The caftan story continues

Hello! It’s your local crazy cat lady here, reporting on even more ways to refashion a caftan (so you can give your cat-walking outfits some variety, of course).xkaftancat

You might remember that after using the lower half of a floor-length, hooded, long-sleeved cover-up to create a mini-caftan, I was left with this.

As-was, this top was a bit short, which is fine sometimes but not always appropriate. So I chopped off the sleeves and removed the hood to give me some material to play with. (I neatened the neck and armholes of the remaining sleeveless top using some bias binding. Apparently it looked like I needed help with ironing the bias binding.)


The hood was made from two squarish  pieces of fabric joined together so I unpicked them, cut them along the horizontal and sewed the ends together to form long rectangles to create ruffles for the shoulders. Shoulder ruffles don’t help if a top is too short, I hear you say, but wait, I’m getting to that!


The two pieces of the hood section, separated. The top piece is folded in half – I cut along this fold on both pieces.

As someone who likes to keep their options open when it comes to clothes, these were not just going to be any old ruffles – I made them detachable so I could wear them or not depending on my whim. Same goes for the detachable peplum that I made from the sleeve fabric and that was going to solve the too-short issue. (I have made a detachable peplum before, by the way: here and here.)


I also unpicked the sleeves, trimmed the fabric into shape and used it to create a big loop. This photo shows the two sleeve ruffles at the top and the peplum at the bottom, before gathering stitches were added.

I used excess fabric to create a narrow loop the same measurement as the bottom of the garment (the waist area) and used the sleeve material to create a wide loop. I gathered one edge of the wide loop and sewed it to the narrow loop to form my detachable peplum.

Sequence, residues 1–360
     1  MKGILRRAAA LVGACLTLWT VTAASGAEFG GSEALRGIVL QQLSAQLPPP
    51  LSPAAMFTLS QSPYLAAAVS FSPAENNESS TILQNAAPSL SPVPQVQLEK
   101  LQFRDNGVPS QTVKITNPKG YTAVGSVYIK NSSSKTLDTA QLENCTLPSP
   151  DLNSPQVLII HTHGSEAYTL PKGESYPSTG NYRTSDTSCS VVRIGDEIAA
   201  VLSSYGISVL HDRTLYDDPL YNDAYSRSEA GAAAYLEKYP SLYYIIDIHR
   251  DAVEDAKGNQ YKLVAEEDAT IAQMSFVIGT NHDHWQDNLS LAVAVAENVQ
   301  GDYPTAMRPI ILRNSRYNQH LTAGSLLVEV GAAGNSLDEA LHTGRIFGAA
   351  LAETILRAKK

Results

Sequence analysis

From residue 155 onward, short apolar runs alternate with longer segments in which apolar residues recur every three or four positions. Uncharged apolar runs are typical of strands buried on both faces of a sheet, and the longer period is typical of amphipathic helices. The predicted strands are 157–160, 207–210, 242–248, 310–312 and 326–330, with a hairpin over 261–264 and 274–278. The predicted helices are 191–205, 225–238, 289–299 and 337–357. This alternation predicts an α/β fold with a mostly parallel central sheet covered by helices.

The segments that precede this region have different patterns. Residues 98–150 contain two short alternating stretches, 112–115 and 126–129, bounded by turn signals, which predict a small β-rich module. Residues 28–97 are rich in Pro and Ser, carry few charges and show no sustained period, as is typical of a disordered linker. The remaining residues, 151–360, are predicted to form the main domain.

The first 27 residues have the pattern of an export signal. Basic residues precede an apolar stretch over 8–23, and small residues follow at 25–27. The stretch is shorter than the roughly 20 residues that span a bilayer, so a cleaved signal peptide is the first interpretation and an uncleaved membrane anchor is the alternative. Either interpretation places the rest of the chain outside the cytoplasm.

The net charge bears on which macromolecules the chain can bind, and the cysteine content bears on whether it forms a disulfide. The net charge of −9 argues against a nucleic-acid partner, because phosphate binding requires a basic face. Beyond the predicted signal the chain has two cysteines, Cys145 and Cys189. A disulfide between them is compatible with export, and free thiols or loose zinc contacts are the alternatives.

xkaftanruffleI made the detachable ruffles in the same way, gathering one edge of the hood fabric and attaching it to a strip that would fit over my shoulder.


I then added press studs along the fabric strips of the peplum and the shoulder ruffles and corresponding press studs along the waistline and the shoulders of the top. And now I have a top that I can wear four ways!


As the basic shell top with fairly high-waisted pants so not too much is on show…



With the shoulder ruffles attached. This works best when you need to balance out pants or a skirt with a wider silhouette (I have narrow shoulders so sometimes just a plain sleeveless top makes me look scrawny).



With the peplum attached. These pants are a bit tight around the waist and hips now but the peplum covers that up nicely!



With EVERYTHING! Probably best for when you’re in a kind of out-there mood. Out-there in this particular case being out there in the backyard, but I’d happily wear this look out to lunch or a party in summer.

Not long after I finished this particular DIY project (back in February) I found out about the Slow Clothing Project and decided to submit it along with some background about my love of refashioning. My post appeared on Textile Beat as part of Fashion Revolution Week last week – if you’d like to read it, click here. Some of the garments featured online in the Slow Clothing Project will be on display later in the year, possibly this one included, so when I find out more, I’ll let you know. And if you’ve got a Slow Clothing Project of your own happening, leave a comment telling us all about it!